This week, a bill that would jail and fine first responders who share photographs of accident scenes was moved up to the Assembly Public Safety Committee.
Assembly Bill 2655, written by Assemblyman Mike Gipson (D-Carson), specifically notes that sharing a photo of a body from a crime scene or an autopsy “for any purpose other than an official law enforcement purpose” would be made illegal. Those guilty would face up to one year in jail and a fine of up to $5,000.
AB 2655 was first written earlier this year by Assemblyman Gipson in response to the helicopter crash which killed retired basketball star Kobe Bryant, his daughter, and seven others in Calabasas on January 26th. Some first responders on the scene took photographs of the accident and subsequently posted them online. While the full extent of the incident was unknown for weeks afterwards, Los Angeles County Sheriff Alex Villanueva confirmed in March that 8 LA County deputies had shared graphic photos of the crash. While there is a policy in place on taking and sharing photos, it did not at the time apply to accident scenes.
Villanueva immediately ordered all deputies to delete any crime scene photos off their phones at once, but by then the Bryant family and the families of the others onboard shared grief and outrage at the photos even being taken in the first place, let alone shared with others.
“We’ve communicated in no uncertain terms that the behavior is inexcusable,” said Villanueva at a March press conference. “I mean, people are grieving for the loss of their loved ones. To have that on top of what they’ve already gone through is unconscionable. And, to think any member of our department would be involved in that.”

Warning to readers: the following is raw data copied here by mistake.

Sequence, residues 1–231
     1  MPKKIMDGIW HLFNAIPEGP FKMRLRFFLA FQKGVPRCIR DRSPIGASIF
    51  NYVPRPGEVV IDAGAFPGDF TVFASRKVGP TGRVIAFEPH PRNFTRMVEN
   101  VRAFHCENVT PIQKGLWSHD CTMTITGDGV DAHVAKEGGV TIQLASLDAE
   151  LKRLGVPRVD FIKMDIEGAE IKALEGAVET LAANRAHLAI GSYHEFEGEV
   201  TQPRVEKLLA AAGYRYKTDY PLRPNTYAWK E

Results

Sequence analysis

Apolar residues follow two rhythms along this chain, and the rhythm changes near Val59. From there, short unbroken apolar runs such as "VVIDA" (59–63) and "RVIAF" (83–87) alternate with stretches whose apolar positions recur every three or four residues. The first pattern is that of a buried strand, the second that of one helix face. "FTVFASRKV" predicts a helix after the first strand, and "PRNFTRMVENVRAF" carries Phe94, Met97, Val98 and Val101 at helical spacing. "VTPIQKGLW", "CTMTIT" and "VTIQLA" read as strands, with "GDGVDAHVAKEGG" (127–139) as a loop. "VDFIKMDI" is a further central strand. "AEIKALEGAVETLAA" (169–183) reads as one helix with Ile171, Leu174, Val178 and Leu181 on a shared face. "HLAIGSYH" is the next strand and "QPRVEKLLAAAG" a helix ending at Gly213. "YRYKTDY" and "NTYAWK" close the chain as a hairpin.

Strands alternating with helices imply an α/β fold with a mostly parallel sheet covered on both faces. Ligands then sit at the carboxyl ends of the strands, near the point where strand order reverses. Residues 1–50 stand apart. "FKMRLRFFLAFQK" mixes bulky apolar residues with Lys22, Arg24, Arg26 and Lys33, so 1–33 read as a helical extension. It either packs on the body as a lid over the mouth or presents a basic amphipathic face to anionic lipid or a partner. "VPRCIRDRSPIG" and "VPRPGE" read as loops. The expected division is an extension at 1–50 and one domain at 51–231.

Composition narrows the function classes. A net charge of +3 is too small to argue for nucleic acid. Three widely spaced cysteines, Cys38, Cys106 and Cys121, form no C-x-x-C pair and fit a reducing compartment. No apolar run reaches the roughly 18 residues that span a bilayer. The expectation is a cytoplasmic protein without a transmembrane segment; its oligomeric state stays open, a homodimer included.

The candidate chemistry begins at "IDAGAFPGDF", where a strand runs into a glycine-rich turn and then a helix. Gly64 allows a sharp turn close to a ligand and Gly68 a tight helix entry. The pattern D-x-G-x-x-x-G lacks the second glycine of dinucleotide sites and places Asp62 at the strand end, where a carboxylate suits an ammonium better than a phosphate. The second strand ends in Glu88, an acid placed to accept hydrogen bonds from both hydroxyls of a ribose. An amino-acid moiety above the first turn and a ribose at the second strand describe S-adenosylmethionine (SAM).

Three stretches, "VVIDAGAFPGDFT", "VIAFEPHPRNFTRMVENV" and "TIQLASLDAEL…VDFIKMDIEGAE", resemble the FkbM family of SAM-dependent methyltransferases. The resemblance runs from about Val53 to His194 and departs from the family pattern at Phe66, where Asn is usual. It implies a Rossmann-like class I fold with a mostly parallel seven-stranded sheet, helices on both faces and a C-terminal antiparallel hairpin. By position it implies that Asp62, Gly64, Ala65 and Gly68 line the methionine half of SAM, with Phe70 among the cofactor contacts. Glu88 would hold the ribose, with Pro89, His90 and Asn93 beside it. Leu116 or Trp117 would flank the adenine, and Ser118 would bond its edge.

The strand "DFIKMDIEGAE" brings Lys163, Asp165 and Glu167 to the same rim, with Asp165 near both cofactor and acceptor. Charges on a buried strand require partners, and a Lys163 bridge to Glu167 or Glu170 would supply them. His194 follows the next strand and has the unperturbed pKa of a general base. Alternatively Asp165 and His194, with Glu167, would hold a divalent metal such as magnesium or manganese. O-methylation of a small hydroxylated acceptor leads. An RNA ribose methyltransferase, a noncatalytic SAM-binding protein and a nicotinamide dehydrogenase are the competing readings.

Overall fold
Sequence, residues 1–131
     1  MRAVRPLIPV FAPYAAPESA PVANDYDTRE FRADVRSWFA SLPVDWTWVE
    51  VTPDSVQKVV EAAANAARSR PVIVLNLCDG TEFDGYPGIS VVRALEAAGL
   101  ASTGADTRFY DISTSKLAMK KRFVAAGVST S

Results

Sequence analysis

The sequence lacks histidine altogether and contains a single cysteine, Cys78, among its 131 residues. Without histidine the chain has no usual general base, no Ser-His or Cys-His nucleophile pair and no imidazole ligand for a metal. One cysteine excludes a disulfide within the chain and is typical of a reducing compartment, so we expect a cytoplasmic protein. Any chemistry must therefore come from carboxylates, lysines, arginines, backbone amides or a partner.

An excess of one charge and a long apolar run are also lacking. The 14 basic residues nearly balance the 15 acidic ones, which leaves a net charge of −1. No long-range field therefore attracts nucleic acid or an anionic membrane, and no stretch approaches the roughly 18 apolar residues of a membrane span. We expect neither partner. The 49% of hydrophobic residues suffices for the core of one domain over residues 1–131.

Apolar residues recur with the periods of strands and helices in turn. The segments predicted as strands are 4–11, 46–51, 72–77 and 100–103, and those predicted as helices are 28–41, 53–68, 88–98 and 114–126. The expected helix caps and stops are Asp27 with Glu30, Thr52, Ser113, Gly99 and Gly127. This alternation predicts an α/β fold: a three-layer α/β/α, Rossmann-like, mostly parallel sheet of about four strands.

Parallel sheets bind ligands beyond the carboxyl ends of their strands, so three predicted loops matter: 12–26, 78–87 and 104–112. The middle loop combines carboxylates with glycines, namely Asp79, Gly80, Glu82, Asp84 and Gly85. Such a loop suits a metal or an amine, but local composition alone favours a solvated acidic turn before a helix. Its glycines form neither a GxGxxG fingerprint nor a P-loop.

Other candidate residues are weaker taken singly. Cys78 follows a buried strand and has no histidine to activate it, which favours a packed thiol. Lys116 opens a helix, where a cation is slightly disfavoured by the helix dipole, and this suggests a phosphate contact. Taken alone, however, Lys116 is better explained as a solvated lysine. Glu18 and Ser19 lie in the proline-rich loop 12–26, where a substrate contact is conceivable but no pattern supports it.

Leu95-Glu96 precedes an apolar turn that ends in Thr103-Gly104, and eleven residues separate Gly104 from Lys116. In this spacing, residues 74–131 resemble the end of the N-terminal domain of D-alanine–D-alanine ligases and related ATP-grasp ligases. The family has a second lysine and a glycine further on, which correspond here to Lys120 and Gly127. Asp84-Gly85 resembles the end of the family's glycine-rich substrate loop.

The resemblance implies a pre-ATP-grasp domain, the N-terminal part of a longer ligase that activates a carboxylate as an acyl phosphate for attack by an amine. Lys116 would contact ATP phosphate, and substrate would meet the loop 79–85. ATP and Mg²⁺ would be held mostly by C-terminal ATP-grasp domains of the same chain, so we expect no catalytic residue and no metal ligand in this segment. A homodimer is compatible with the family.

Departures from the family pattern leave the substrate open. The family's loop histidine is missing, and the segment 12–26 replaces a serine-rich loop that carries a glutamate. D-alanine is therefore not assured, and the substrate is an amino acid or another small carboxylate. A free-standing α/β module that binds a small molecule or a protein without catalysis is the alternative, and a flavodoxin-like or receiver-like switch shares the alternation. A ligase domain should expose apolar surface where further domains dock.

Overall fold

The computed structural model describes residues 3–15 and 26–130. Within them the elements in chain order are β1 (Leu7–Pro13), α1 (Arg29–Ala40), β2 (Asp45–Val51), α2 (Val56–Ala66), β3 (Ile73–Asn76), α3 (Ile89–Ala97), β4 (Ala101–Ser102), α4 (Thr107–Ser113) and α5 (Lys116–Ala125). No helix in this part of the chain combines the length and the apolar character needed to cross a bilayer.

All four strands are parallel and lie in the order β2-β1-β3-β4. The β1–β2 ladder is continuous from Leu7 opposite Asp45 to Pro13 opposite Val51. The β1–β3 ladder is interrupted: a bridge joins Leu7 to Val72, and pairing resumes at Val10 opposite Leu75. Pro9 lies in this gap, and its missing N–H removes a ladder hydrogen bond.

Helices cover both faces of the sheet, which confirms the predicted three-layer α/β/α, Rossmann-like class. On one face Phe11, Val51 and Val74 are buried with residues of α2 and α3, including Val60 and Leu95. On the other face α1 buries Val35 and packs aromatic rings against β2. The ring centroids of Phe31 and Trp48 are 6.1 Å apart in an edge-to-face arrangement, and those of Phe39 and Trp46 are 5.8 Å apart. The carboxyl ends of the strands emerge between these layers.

While investigations to the photo incident are currently ongoing, AB 2655 is now potentially in place to to make such an incident against the law statewide.
“Our first responders, when responding to an emergency, should not be taking very sensitive photographs for their own gain, for their own pleasure,” said Assemblyman Gipson of the incident. “It was unconscionable. It’s not right.”
The bill is expected to be approved both in Assembly and Senate Committees as well as both houses at large. AB 2655 has received bipartisan support with prominent members of both parties both denouncing the photo incident in January and announcing their support for the bill.
“This isn’t politically charged at all,” noted ‘Dana’, who works at the Capitol Building. “Even lawmakers who generally support law enforcement bills are on the side of charging them in cases like that. You’ll be hard pressed to find one Assemblymember who think that this is okay.”
AB 2655 is set to be one of the few non-coronavirus related bills to be moved up for the Public Safety Committee hearing. The hearing itself is expected to begin at 10 AM on March 19th at the Capitol Building.
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